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Flanked by Wisconsin quarterback Russell Wilson, Wisconsin offensive coordinator Paul Chryst answers questions during a press conference at Marriott Los Angeles Downtown on Wednesday morning, Dec. 28, 2011.

Three weeks ago, in the wake of the University of Wisconsin football team's win in the Big Ten Conference title game, players and coaches were ushered into a banquet room at Camp Randall Stadium decked out like the set of "The Price is Right."

Inside there was an array of items such as tablet computers, flat-screen televisions, recliners and Rose Bowl-themed items such as custom bar stools. Everyone was allowed to choose one of the more expensive pieces or a hodgepodge of smaller items.

This shopping spree, known as the "gift suite," is offered annually to all 10 schools participating in Bowl Championship Series games. It is paid for by those five bowls, which are allowed by the NCAA to lavish merchandise valued up to $550 on 125 players and coaches per team.

Given the NCAA's restrictions on the benefits permissible to college athletes — one can't accept a car ride from a booster on a rainy day, or so much as a sub sandwich — the practice strikes some as hypocritical.

But for the Badgers, they are simply the spoils of a second straight trip to the Rose Bowl.

"When I walked into the gift suite, I was so excited," UW freshman cornerback Peniel Jean said. "I picked up the TV. I have a smaller one in my room, but I upgraded — about 15 inches."

The gift suite is the granddaddy of all the swag handed out by the 35 bowls.

This year, players at various bowls are bestowed everything from the predictable (Best Buy gift cards at several games) to the hip (iBeats earbuds from Dr. Dre for the BBVA Compass Bowl) to the climate-appropriate (winter coat and gloves for the Famous Idaho Potato Bowl, towels for the Hawaii Bowl).

In addition to the gift suite, players from this year's Rose Bowl participants, UW and Oregon, also received a watch, a baseball cap and a backpack. And they were eligible to receive an additional $400 in merchandise from their schools.

Players are not allowed to sell their presents or redeem their gift cards for money.

The largesse does not go unappreciated by players.

"Every bowl that we've ever been to has really taken care of us," Badgers defensive lineman Patrick Butrym said, "but the BCS does a great job and the Rose Bowl does a great job. Honestly, there's really no better bowl you can be in."

All of this is pocket change compared to the money being generated by the BCS bowls; for instance, the Big Ten receives $22.3 million from the Rose Bowl, of which $2.3 million is given to UW to cover the expenses of the trip. The rest is divided among the 12 conference members from a pot that includes all revenues from postseason bowl games.

Still, thanks to an education process that begins in the recruiting letters players receive while still in high school – with reminders like the memorabilia scandal at Ohio State -- they are conditioned to be skeptical of activities that may bring unintended consequences.

As such, even though the practice of bowl gifts bears the NCAA's stamp of approval, some Badgers players grew uneasy when asked whether scoring swag seemed at all unusual against that backdrop.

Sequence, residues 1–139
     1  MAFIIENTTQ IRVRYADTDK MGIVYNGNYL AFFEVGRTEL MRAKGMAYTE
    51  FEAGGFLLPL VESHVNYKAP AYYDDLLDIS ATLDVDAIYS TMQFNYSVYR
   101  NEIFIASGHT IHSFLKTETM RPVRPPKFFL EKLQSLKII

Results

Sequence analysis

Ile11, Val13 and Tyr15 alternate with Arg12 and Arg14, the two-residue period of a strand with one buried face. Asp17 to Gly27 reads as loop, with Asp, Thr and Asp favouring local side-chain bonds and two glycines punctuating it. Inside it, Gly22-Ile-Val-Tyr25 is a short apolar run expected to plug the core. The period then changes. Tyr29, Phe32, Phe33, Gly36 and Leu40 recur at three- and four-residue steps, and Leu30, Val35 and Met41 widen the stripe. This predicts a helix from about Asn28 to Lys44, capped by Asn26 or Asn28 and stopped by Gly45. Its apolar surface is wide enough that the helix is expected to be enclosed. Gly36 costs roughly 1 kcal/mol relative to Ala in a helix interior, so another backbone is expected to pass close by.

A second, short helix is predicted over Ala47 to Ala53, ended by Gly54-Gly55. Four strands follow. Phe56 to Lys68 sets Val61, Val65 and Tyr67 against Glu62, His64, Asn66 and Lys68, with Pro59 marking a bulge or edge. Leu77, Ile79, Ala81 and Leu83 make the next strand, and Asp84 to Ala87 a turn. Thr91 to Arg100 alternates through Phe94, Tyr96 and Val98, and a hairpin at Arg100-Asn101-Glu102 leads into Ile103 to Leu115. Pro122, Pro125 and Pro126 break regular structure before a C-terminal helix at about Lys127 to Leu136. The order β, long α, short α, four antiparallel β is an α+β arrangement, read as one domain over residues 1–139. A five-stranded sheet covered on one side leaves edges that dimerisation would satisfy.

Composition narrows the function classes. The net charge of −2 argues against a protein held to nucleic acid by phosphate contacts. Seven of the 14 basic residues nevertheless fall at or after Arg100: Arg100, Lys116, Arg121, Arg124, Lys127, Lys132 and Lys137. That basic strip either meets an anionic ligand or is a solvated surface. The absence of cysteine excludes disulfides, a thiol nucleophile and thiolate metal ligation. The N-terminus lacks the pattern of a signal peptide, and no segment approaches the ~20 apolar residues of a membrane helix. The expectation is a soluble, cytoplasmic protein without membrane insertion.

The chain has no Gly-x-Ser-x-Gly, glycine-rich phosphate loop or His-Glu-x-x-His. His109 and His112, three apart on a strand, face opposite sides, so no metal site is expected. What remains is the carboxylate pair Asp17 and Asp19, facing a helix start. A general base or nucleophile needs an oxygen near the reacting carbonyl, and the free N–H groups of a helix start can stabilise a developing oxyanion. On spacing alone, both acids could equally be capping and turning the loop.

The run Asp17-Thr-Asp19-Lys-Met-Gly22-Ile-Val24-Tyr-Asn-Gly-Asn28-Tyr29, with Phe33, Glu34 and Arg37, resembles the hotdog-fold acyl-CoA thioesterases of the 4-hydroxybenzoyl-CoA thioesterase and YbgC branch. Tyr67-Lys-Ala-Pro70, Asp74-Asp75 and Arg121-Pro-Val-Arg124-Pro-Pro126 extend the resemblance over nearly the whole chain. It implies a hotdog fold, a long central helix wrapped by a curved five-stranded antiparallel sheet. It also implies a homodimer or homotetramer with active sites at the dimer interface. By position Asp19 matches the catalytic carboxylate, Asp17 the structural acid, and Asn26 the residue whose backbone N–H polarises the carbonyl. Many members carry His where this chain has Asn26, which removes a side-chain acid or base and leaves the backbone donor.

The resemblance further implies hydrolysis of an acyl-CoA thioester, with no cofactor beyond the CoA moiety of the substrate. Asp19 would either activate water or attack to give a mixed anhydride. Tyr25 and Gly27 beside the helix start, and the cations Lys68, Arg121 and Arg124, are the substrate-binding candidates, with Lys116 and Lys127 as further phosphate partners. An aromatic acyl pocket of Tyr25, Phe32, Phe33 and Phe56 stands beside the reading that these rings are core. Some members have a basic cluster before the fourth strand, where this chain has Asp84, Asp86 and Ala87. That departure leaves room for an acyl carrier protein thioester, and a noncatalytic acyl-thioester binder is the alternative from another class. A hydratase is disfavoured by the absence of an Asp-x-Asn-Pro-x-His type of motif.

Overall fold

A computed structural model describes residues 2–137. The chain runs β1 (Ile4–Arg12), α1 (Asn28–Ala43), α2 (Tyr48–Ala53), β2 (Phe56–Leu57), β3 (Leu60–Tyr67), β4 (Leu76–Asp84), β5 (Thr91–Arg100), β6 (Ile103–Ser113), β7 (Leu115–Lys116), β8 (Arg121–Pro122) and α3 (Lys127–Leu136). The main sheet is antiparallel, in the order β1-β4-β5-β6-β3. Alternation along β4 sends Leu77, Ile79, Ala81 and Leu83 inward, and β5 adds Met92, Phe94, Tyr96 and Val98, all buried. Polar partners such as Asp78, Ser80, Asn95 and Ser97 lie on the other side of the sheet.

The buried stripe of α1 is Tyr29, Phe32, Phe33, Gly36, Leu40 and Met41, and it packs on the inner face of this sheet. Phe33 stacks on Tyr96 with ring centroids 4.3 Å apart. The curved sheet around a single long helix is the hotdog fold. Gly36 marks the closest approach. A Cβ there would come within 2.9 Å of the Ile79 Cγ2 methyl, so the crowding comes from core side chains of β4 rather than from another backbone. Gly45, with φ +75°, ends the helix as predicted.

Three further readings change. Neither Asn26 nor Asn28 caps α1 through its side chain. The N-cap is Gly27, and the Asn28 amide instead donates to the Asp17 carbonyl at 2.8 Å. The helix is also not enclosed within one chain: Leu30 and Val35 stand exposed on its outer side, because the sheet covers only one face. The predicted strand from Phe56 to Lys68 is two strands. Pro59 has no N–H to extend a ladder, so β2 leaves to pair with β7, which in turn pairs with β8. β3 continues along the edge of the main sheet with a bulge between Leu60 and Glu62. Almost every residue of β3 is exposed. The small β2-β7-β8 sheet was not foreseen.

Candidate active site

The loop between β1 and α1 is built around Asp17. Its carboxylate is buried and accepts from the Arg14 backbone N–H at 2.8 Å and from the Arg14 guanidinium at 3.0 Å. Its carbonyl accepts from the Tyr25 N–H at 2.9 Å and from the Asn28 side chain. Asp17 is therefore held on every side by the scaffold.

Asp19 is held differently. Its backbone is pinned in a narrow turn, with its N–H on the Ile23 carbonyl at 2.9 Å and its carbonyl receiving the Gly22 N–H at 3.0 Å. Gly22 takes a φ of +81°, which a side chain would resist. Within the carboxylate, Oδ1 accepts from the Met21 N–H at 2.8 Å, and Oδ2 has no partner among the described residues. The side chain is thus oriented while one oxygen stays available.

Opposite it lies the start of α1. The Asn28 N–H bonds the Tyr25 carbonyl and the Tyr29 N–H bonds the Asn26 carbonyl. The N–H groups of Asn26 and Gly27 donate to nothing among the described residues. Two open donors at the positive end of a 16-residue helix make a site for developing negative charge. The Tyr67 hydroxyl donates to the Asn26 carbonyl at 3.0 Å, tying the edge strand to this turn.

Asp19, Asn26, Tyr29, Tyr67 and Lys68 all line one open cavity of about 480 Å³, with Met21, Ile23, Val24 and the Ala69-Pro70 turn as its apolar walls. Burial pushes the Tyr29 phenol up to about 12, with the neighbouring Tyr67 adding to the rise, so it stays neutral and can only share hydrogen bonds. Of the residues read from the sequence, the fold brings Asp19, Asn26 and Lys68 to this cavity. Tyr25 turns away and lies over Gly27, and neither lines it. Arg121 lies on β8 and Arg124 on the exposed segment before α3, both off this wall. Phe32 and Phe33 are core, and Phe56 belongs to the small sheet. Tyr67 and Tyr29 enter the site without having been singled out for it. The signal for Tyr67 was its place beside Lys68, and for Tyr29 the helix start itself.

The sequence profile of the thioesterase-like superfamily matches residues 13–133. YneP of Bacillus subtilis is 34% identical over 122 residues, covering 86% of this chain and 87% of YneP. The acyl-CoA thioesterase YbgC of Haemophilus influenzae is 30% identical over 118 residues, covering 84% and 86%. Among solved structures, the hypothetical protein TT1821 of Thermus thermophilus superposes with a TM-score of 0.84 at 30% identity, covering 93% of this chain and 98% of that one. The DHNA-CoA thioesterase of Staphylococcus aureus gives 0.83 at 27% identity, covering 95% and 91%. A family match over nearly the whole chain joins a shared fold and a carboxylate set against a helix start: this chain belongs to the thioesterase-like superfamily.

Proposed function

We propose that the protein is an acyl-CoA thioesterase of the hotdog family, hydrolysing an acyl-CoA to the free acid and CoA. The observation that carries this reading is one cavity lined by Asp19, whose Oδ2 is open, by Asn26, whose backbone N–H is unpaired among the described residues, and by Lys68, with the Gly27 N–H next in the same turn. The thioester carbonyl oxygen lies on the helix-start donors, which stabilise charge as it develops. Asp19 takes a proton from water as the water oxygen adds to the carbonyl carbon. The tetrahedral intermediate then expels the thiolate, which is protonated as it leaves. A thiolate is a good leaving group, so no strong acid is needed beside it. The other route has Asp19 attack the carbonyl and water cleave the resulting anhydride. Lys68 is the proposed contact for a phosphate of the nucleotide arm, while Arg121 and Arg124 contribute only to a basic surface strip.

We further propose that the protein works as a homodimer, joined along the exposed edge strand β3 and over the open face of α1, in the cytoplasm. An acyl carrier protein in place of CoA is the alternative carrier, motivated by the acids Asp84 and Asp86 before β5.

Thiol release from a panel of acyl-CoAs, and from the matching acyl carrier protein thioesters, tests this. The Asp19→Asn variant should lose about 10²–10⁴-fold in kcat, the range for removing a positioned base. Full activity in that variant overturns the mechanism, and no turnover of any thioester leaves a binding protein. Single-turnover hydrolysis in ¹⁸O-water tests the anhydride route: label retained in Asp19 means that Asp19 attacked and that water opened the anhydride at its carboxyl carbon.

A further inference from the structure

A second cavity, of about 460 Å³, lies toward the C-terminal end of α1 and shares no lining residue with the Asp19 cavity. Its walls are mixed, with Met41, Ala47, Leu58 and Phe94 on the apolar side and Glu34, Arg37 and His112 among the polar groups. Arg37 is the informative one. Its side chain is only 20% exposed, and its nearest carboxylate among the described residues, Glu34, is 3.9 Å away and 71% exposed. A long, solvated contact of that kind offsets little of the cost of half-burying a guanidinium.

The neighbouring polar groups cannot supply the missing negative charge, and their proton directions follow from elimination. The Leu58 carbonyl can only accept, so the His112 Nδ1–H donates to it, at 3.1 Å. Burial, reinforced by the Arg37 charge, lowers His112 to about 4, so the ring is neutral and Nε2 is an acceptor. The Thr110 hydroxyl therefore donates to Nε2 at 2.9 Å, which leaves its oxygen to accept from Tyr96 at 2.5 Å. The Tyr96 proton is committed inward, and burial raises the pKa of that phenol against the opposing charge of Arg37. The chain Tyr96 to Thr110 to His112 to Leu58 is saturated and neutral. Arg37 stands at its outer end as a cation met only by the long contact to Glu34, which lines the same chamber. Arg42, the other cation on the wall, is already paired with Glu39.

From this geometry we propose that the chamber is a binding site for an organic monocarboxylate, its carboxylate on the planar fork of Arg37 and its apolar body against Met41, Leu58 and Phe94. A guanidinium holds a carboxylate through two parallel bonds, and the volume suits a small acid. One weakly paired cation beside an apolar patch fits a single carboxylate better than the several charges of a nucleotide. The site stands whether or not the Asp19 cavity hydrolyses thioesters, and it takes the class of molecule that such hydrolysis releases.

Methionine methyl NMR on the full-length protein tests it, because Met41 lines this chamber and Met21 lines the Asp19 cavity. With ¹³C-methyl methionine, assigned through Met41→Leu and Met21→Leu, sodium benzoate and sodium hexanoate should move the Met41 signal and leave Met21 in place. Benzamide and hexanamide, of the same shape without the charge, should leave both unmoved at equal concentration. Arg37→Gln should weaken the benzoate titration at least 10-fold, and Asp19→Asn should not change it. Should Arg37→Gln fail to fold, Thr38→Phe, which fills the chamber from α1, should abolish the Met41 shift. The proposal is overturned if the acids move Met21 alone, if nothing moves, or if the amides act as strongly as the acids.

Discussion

"I'm not sure I'm allowed to answer that," UW All-American center Peter Konz said, breaking into his signature belly laugh.

"The first year it was (odd)," said senior running back Bradie Ewing, a former Richland Center athlete. "You're just playing football, just out of high school, and you go into bowl prep and you get a really nice bowl gift.

"Obviously, they're following NCAA rules along the way, but it was weird to have something really nice like that given to you. Now, you get used to it and you feel like you've earned it after a long season, I guess."

Bowls traditionally have given athletes gifts of varying degree. A 2010 Sports Illustrated article noted that the Cotton Bowl gave out Rolex watches before the NCAA first imposed a $100 limit on the value of gifts in 1971. That cap was increased through the years, to $550 this year, up $50 from 2010.

"We've encouraged that they have some kind of memento," Dennis Pope, the NCAA's director of championships, told Sports Illustrated. "These are all key mementos; it's not cash ... There's a distinction between an outright dollar value given to them and a redeemable gift certificate."

The nature of gifts has changed considerably since the Badgers' trip to the 1994 Rose Bowl, when the chief handout was an adventurously colored jacket bearing the bowl logo "that most guys gave to their girlfriends," according to Phil Chavez, a walk-on linebacker on that team.

Two years ago, when the Badgers played in the Champs Sports Bowl, every player received a $500 gift card to Best Buy. Konz's face lit up when he recounted that experience, which he summed up in one word: "Awesome."

He bought for his brother a Modern Warfare video game with night vision goggles, "which may have been the best gift ever," according to Konz, and grabbed a guitar for himself.

"It was unbelievable what you could buy," he said.

To players such as the Badgers' Jean, the biggest gift is a chance to compete on such a hallowed stage as the Rose Bowl. Still, the gifts are a nice perk. And should the opportunity present itself again, he's already set his mind on landing a tablet computer.

"Next year," he said, "definitely."

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